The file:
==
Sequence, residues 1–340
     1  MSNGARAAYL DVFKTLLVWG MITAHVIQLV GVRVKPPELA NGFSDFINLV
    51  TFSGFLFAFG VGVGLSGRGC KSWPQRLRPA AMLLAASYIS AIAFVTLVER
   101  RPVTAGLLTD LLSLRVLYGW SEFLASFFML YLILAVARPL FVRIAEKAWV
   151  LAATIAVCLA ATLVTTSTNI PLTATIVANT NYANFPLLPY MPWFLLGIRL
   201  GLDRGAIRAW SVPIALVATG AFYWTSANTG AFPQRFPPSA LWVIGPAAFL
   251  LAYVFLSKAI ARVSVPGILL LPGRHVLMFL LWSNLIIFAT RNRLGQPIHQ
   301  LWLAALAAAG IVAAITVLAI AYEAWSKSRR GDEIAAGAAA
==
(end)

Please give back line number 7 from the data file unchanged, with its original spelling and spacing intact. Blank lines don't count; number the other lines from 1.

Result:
   251  LAYVFLSKAI ARVSVPGILL LPGRHVLMFL LWSNLIIFAT RNRLGQPIHQ